6-OHDA: 6-hydroxydopamine; LORR: loss of the righting reflex; RORR: return of the righting reflex. P>0.05 vs. vehicle; n = 18 for the vehicle group and n = 20 for the 6-OHDA group.

https://doi.org/10.1371/journal.pone.0138187.g004

Discussion

Although many endogenous sleep or arousal pathways (i.e., the GABAergic [10,11], noradrenergic [12,13], histaminergic [7,14], and cholinergic [15,16] pathways) have been implicated in the mechanism of general anesthesia, few studies have investigated the role of the dopaminergic pathways in general anesthesia. Very recently, using a D1 receptor agonist (chloro-APB), Taylor et al. successfully induced the emergence from isoflurane anesthesia in rats [4]. Subsequently, the identical group reported that electrical stimulation of the VTA, which is a major dopaminergic nucleus in the brain, induces reanimation from general anesthesia [5]. These findings indicated that the central dopaminergic system, particularly the dopaminergic VTA, might be involved in general anesthesia. However, these electrical stimulation approaches are open to interpretation. In rats, the small size of the VTA and the presence of other types of neurons (i.e., GABAergic neurons) in the VTA confound the investigation of dopaminergic VTA neurons. In this study, we examined the effects of treatment of the VTA with 6-OHDA, which selectively ablates dopaminergic neurons [6], on general anesthesia. We found that bilateral VTA lesions only prolonged the recovery time of propofol.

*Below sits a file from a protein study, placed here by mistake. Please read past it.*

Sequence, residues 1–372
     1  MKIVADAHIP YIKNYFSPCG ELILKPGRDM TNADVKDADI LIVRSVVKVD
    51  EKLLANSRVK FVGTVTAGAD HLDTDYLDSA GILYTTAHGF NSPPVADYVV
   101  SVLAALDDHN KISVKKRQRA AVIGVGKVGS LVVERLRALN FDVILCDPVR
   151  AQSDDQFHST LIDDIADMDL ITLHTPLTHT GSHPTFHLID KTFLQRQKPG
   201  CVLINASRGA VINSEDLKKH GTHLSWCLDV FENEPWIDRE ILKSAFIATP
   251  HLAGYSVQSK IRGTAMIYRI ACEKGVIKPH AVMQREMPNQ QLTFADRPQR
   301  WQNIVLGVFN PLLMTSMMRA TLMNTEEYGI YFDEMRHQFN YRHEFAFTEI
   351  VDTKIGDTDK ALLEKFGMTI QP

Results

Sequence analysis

The delayed emergence from propofol anesthesia might be associated with the role of the VTA in mediating arousal [3,17]. By ablating the dopaminergic VTA neurons, the effects of these neurons on arousal were diminished. However, our results revealed that these VTA lesions prolonged the recovery time of propofol, but not isoflurane. These findings are partially different from the results observed in a previous study [5]. In that study, electrical stimulation of the VTA induced reanimation from both isoflurane and propofol anesthesia. We speculate that the differences in the treatment approach between these two studies might account for this discrepancy. Although the authors demonstrated that the electrical VTA stimulation was localized to a small region in the vicinity of the electrode tip and did not stimulate the adjacent areas, electrical stimulation of the VTA might activate other types of neurons (i.e., GABAergic neurons [18]) in the VTA. The activation of non-dopaminergic neurons might affect the emergence from general anesthesia. The central GABAergic neurons have been well demonstrated to modulate general anesthesia [14,19]. In addition, the previous study was performed under a constant anesthetic concentration, so pharmacokinetics of the anesthetics did not play a role in the results. On the other hand, the results of the current study are dependent on pharmacokinetics of the anesthetic drugs. It is possible that the dopaminergic effect on wake up from isoflurane is too small to make a significant difference in the rapid wakeup from isoflurane that is governed by rapid pharmacokinetics. Nonetheless, other factors, such as differences in the experimental procedures, may also underlie the discrepancies between our results and those of the previous study.